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Monday, October 31, 2016

Anwar el Sadat - Fear

Many years ago I read these words in In Search of An Identity, the autobiography of Anwar el Sadat, President of Egypt from 1970 to 1981, and since then I have been sharing his words with my audiences in my motivational speeches on leadership.

Fear is a powerful tool for destroying the soul of a person and the spirit of a creative artist. Rulers have used it for centuries and so have parents. "You better behave or the bogeyman will get you."

Ask yourself what you are afraid of? What fears control your actions? What fears are holding you back? Are you afraid of snakes? Heights? Success? Math? A blank piece of paper? Silence? A blank canvas? The neighbor's dog?

In 1972 I was traveling through the western United States and decided to visit a mentor from my childhood who was living in British Columbia, Canada at the time. Ernie was a lumberjack turned minister and missionary.  He had been the camp director of a Bible camp that I had attended every summer from the age of ten until high school.  He was physically a very strong man.  He could grab a pole with both hands and raise his legs in the air until they were parallel with the floor much like a flag.

I spent a couple of weeks with him in the Canadian Rockies.  One time he took a group of us on a two-day canoe ride on a large lake.  I saw from a distance a grizzly bear fishing for salmon.  On our way home we encountered fog and lost our way.  After going in a circle a couple of times, Ernie stopped the canoes and asked us to bow our heads in prayer.  Despite his strength, Ernie knew that he could not let fear conquer him so he turned to God, the one source of strength that he knew.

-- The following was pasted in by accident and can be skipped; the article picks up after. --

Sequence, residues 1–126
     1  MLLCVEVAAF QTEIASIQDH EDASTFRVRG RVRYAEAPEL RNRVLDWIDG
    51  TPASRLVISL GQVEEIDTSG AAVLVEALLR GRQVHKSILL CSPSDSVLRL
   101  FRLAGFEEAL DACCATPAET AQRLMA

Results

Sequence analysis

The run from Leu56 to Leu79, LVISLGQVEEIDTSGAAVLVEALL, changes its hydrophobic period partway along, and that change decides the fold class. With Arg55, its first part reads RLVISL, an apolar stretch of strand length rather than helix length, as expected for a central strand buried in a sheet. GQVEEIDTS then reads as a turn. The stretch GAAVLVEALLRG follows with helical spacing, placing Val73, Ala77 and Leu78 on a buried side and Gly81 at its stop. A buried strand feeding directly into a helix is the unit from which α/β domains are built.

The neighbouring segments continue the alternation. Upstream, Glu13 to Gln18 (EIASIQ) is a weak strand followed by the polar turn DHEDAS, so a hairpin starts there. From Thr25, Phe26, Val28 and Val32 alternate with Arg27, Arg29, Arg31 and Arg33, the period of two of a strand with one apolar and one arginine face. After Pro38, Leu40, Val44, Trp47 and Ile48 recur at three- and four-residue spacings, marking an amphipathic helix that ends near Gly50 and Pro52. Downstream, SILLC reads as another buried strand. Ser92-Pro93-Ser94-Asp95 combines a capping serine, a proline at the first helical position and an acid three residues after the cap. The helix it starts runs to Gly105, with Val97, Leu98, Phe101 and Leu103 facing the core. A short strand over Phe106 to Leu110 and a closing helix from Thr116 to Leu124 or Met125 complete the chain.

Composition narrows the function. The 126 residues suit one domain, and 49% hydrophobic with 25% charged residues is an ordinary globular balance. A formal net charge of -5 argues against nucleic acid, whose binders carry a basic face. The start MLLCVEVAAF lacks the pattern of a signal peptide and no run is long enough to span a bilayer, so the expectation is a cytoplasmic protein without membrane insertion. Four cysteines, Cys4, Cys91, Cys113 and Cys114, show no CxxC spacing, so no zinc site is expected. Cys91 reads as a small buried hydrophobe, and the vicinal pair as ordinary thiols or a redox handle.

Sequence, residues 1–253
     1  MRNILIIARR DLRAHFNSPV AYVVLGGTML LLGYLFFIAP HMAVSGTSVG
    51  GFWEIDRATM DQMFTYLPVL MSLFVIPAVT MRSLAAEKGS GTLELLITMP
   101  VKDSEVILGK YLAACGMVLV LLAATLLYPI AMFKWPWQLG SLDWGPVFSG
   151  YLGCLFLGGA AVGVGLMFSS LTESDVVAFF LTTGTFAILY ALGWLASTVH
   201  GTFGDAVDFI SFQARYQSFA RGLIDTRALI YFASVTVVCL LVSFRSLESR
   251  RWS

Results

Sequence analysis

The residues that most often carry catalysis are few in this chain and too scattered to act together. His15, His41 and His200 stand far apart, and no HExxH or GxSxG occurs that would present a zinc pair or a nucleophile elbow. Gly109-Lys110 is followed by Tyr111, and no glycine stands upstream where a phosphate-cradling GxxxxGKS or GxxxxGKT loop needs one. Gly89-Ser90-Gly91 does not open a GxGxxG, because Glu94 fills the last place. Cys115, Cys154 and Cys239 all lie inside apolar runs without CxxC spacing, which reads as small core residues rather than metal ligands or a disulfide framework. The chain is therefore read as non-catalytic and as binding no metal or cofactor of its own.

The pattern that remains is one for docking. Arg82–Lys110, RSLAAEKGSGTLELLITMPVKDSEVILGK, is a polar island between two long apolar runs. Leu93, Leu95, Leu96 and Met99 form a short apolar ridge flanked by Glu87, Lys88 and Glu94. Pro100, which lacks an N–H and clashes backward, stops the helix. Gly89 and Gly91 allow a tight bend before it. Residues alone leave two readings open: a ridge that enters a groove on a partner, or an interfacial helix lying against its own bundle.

Creative leaders must learn to shake off the chains of fear. Fear can prevent us from taking risks, trying new ideas, exploring new ways of thinking. Each of us must find the courage to do what we desire to do despite our fears.

Monday, October 24, 2016

Robert Henri — Education

I believe that each of us is in charge of our own education. We choose what we want to learn and what we don't want to learn. Even in the best of schools, students fail because they don't apply themselves. And in the worst of schools, students still graduate and go on to accomplish great things. Yes, a teacher can inspire you and mentor you, but in the end you are responsible for your own education.

And I believe learning is a life-long process. When a person stops learning, he stops living. What are you doing to further your education in your chosen field? What are you exploring outside your field of expertise? When was the last time your read a new book? Or talked to a stranger? Or developed a new habit?

This past June I attended a 3 day workshop on the art of Zentangle in Providence, Rhode Island.  I had been studying Zentangle by reading books since 2012.  The workshop increased my understanding of the unique art form in ways I am only beginning to understand.  Books sometimes can take you only so far.  You need to experience and explore the subject in other ways.  
Zentangle #221

A few years ago,  I met a minister who had lived for fifteen years in Japan. I learned about his life as a minister and living in Japan. He shared how he had witnessed the cremation of a dead person. The Japanese custom is to wash the body and then have it cremated. The family gathers at the crematory to witness the burning of the body. Then the family is given a portion of the ashes and bones in a small box and the remainder are buried in the ground. I learned something new by listening and asking questions.

Creative leaders need to be constantly learning new things. What have you learned recently that you can incorporate into your writing or painting or acting?

Monday, October 17, 2016

Marquis de Vauvenargues — Great Thoughts